Fresh court battle to rescue Tyson bid

Kasukuwere’s candidature was accepted by the nomination court on June 21,a month before it was revoked by High Court judge, Justice David Mangota.

FORMER Zanu PF youth leader, Jim Kunaka, has approached the Constitutional Court, challenging a High Court decision barring exiled former minister, Saviour Kasukuwere, from running in the August 23 presidential election.

Kasukuwere’s candidature was accepted by the nomination court on June 21,a month before it was revoked by High Court judge, Justice David Mangota.

Mangota made the ruling after Zanu PF activist, Lovedale Mangwana, approached the High Court challenging the former Local Government minister’s candidacy.

Mangwana argued that the Zimbabwe Electoral Commission (Zec) violated the Electoral Act by accepting Kasukuwere’s nomination papers yet he had been out of the country for over 18 months.

The former Zanu PF commissar appealed the ruling at the Supreme Court.

The Supreme Court on Friday, however, upheld Mangota’s ruling.

Kasukuwere, nicknamed Tyson, said they will challenge the latest ruling.

In his application seeking access to the ConCourt, Kunaka said Mangota’s ruling violated the constitutional right of voters to vote for their preferred presidential candidate.

“I nominated Saviour Kasukuwere as a presidential candidate. He was my candidate of choice,” Kunaka submitted.

“It is my respectful contention that the decision of the court in question infringes on my right to choose a candidate of my choice to participate freely in politics as protected by sections 58 and 67 of the constitution of Zimbabwe.”

“The judgement of the court was a constitutional judgement pursuant to an application made by the first respondent in terms of Section 85(1).

“I, therefore,seek direct access to this honourable court to set aside the judgement in question on the basis that my constitutional rights have been infringed.”

Kunaka said many Zimbabweans wanted to vote for Kasukuwere.

“There are millions of people who will vote in that election, and there are thousands who will vote for Kasukuwere,” Kunaka said.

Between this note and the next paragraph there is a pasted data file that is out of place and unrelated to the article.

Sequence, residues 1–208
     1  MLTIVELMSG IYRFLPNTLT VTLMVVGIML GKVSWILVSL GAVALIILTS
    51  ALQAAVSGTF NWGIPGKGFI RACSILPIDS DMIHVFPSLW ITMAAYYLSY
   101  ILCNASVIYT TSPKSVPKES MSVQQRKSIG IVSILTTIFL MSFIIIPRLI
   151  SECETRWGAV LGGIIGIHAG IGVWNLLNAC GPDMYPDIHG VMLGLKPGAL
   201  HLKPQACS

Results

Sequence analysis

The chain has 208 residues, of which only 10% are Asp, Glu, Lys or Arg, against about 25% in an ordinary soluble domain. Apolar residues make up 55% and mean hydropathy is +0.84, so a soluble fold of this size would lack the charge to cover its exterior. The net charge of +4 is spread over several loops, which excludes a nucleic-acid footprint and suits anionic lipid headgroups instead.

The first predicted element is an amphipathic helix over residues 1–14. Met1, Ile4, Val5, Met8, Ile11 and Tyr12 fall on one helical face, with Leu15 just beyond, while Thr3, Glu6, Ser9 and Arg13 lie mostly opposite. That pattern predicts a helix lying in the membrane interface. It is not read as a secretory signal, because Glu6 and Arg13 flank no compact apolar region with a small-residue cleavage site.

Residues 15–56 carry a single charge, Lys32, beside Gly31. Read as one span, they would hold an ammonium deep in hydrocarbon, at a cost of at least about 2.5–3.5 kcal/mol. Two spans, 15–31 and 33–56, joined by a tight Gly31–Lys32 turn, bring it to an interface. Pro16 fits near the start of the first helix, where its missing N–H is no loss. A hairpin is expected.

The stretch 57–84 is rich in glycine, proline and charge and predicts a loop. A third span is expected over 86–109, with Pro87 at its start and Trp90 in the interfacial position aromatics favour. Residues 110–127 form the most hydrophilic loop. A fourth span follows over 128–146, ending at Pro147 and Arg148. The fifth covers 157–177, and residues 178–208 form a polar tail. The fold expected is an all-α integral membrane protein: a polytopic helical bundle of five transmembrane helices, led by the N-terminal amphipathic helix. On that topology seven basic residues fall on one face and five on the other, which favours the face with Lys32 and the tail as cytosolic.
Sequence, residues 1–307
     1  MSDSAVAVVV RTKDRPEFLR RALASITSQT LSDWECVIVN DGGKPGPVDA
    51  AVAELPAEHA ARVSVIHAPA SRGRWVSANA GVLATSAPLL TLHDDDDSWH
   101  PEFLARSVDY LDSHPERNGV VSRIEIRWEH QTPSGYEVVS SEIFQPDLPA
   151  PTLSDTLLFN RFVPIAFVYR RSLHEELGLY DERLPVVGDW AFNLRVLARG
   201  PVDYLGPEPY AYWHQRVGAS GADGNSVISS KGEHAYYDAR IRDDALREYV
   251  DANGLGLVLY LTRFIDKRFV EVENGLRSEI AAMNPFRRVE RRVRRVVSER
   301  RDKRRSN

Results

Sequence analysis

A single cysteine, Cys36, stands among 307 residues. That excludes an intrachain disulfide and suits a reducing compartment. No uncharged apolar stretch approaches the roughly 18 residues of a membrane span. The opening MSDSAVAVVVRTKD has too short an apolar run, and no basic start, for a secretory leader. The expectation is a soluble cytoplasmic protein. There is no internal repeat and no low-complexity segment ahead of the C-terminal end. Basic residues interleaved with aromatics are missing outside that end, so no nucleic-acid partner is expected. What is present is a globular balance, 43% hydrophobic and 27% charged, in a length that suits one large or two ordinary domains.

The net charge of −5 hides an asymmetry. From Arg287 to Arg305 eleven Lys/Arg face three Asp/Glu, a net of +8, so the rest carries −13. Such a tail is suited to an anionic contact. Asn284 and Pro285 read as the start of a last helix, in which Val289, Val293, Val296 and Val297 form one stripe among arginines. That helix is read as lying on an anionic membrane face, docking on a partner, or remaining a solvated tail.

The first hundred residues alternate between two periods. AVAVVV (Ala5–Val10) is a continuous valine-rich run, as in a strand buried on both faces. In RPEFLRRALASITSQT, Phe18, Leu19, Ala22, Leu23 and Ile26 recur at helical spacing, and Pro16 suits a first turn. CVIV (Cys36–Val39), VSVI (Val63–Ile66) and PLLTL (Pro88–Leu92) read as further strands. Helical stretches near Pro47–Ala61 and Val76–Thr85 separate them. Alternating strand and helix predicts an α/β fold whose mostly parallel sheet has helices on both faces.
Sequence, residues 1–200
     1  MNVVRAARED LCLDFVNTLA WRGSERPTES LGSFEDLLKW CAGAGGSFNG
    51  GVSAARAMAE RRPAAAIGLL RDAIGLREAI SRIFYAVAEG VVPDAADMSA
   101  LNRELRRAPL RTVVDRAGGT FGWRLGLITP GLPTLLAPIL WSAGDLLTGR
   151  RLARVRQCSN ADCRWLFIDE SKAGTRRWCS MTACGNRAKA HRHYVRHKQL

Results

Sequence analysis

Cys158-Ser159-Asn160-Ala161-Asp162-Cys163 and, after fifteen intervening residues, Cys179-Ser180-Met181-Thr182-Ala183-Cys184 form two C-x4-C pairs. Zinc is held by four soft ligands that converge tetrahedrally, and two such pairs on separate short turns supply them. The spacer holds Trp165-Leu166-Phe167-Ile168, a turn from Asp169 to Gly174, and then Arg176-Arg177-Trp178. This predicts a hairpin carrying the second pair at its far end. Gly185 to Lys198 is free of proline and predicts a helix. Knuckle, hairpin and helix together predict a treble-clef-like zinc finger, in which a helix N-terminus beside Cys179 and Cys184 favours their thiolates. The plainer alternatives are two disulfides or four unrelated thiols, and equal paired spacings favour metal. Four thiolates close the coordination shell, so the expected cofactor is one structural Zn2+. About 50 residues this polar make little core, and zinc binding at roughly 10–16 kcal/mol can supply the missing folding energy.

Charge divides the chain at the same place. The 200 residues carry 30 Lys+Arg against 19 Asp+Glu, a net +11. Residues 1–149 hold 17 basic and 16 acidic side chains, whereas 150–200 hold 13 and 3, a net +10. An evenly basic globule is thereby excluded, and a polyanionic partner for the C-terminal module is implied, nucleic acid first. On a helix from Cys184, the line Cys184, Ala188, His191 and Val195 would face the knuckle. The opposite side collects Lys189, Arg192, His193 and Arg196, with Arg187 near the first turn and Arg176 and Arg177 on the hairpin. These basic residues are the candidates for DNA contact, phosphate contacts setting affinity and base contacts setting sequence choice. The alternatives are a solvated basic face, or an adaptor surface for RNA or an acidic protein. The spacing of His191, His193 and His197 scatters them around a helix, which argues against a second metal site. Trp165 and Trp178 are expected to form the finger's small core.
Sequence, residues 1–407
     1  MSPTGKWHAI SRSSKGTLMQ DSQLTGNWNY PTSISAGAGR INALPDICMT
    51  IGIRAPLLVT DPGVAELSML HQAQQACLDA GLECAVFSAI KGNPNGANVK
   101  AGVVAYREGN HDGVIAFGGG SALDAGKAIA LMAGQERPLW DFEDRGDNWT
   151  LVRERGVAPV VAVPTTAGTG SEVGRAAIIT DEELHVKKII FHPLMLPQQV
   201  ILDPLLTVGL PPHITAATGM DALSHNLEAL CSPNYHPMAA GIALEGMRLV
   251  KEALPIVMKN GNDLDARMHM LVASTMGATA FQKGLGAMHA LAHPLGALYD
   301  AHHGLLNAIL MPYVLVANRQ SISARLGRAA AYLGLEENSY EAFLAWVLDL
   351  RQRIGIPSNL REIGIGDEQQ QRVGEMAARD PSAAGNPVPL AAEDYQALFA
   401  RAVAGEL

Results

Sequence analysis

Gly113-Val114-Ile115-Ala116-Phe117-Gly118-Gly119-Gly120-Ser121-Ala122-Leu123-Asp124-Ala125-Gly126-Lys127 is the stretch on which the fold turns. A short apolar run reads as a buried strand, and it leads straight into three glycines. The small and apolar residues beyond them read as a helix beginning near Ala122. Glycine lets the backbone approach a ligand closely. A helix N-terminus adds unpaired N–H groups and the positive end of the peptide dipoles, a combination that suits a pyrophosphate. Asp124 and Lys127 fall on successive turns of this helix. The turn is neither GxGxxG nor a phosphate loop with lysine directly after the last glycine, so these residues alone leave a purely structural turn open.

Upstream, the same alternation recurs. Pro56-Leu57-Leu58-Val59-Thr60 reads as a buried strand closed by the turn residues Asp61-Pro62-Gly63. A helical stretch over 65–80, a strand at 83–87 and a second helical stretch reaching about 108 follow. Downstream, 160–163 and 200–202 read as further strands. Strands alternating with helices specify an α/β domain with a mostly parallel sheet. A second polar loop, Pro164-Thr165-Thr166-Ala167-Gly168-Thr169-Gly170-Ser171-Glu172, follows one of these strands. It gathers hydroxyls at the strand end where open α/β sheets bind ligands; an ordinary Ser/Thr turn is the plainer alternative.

“The court’s judgement, infringed on my rights—the rights of the thousands of Zimbabweans who will vote for him, the hundred or so persons that nominated him as myself."

Kunaka said barring Kasukuwere from participating in the elections will dent the credibility of electoral processes.

“It is, therefore, in the overwhelming interest of justice that the judgement be set aside and that he be allowed to stand as a candidate in the forthcoming election,” he submitted.

"Kasukuwere was not removed by the constituency registrar from the voters roll as defined in Section 33 of the Electoral Act.”

He added: “That being the case, the court could not move to act for and on behalf of the Zec in removing Kasukuwere when the nomination court had sat.”

"A free and fair election requires that individuals are allowed to choose their candidates and that those nominated to stand should be able to stand.”

Kunaka cited Mangwana, Kasukuwere, Zec, Justice minister Ziyambi Ziyambi, the Judicial Services Commission and Attorney General, Prince Machaya, as respondents.

Lawyers who spoke to The Standard said the ConCourt application was critical and urgent.

“The application by Kunaka doesn't stop the decision of the Supreme Court,” lawyer Dumisani Dube said.

“However, due to the importance of the matter in the constitutional jurisprudence of the country, the court may set the matter down urgently before the election date.

“I also think Kasukuwere should have been the one who approached the Constitutional Court, as he had a direct and substantial interest in the matter and not a third party, who might not have the locus standi."

 Another lawyer, Nqobani Sithole said: “It’s not about the abuse of court processes, as it might appear, but the two different courts (High Court and ConCourt) deal with different issues.

“The High Court only deals with interpretation of the law and the ConCourt with constitutionality.”

Related Topics

Teacher unions adding salt to wound
By The Independent Aug. 26, 2022
Feature: Another strike looms
By The Independent Aug. 26, 2022
AfDB pledges to improve Zimbabwe infrastructure
By The Independent Aug. 26, 2022